Veterinary Tech Courses and Classes Overview
In veterinary tech courses, students learn how to conduct diagnostic tests, administer medication to sick animals, assist veterinarians during surgery, conduct inventory of medical supplies and communicate with pet owners. Veterinary tech courses are normally taken as part of a full degree program.
Veterinary technicians and technologists are required to be licensed by the state, and they must hold either a 2-year associate's degree or a 4-year bachelor's degree in veterinary technology from an accredited school. While an associate's degree suffices for work as a technician, working as a technologist often requires a bachelor's degree. The accrediting agency for such programs is the American Veterinary Medical Association (AVMA). Although programs usually require in-person clinical rotations, some schools allow didactic coursework to be completed online.
Here is a list of common concepts covered in veterinary tech courses:
- Animal anatomy
- Animal assessment
- Medication administration
- Diagnostic testing
- Sample collection
Overview of Courses
Veterinary Tech Anatomy and Physiology Course
One of the first veterinary technician courses students are required to take is an animal anatomy and physiology class. This class provides a comparative overview of the gross anatomy, microscopic anatomy and physiology of large and small animals, as well as common diseases and ailments that affect specific systems and organs. Other topics include organ system functions, stages of pregnancy in different animals and the anatomy and physiology of birds and exotic animals. This class typically includes a lab component, where students may dissect animals and examine tissues under a microscope.
Pharmacology is a veterinary tech course that students typically take in their third or fourth semester of study, after obtaining an in-depth understanding of animal anatomy and common diseases. The class looks at the effects of different drugs on the animal body and their uses for combating various ailments. Future veterinary technicians and technologists learn about calculating and measuring appropriate dosages for each animal, and administering, storing and inventorying pharmaceuticals.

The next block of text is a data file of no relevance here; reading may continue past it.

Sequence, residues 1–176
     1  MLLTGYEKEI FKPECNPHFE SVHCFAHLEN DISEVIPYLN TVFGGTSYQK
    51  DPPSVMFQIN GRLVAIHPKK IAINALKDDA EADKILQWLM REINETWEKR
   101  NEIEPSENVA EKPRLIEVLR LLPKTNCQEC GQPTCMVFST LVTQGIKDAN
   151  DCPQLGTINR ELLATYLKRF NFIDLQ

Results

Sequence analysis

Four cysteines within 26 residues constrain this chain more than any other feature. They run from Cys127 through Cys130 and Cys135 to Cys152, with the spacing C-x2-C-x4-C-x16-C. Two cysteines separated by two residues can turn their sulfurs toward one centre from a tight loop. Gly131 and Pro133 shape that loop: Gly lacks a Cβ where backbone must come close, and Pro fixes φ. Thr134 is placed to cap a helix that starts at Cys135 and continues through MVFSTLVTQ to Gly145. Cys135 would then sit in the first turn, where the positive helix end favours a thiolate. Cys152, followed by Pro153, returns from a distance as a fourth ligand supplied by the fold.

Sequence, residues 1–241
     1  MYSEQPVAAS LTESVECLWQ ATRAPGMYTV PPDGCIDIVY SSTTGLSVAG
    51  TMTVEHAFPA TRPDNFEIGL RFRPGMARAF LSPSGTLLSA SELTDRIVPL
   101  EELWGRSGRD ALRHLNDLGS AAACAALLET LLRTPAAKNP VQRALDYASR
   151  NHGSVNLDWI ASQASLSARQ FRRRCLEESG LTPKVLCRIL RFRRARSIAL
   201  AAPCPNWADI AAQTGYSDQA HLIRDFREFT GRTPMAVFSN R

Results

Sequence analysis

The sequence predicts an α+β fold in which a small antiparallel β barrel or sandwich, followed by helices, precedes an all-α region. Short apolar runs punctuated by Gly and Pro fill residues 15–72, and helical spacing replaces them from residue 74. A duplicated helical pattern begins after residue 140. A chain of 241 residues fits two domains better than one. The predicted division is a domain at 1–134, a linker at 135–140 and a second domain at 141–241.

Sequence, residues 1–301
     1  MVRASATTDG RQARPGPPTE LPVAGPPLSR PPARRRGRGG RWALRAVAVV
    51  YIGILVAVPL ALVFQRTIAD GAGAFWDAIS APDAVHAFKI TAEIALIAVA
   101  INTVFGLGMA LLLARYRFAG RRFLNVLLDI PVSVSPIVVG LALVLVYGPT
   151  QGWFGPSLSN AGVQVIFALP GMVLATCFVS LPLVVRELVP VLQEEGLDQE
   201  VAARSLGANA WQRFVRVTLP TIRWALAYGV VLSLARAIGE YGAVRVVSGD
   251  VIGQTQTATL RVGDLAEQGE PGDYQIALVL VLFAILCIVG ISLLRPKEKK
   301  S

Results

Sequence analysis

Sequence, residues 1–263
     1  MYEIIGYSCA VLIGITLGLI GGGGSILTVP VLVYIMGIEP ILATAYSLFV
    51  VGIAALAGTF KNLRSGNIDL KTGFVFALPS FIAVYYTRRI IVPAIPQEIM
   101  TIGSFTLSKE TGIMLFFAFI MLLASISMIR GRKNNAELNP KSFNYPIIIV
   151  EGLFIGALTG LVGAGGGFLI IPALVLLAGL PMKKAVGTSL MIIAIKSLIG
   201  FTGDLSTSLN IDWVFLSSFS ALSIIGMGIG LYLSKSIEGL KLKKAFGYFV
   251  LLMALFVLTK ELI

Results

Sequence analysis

Small Animal Care Course
Veterinary technician coursework usually includes both companion animal and large animal nursing. In the small animal care class, vet tech students review common illnesses in pets like dogs, cats or hamsters. Prospective veterinary technicians learn to assist the veterinarian with diagnostic tests, administer medication and properly restrain an upset or aggressive animal. The course also covers monitoring and reporting the animal's condition, using catheters and communicating with the pet's owners. Some programs offer this veterinary technician course over two semesters.
Large Animal Care Course
The large animal care course looks at nursing techniques for horses, cattle, sheep and other livestock, as well as common pathologies in farm animals. Veterinary technician and veterinary technologist students learn proper security measures for working with large animals, including restraint techniques. The course also teaches prospective vet techs the procedures for administering medicines and collecting blood, urine and fecal samples. Because of the inherent risks of working with large animals, emphasis is placed on safety.
Veterinary tech students usually take the surgery and anesthesia class at the end of their program. This course introduces the safety protocols and fundamentals of anesthesia for animal dentistry and animal surgery, as well as inducing anesthesia, monitoring the animal during surgery and caring for the animal before and after the procedure. Students are also introduced to common surgical tools and equipment.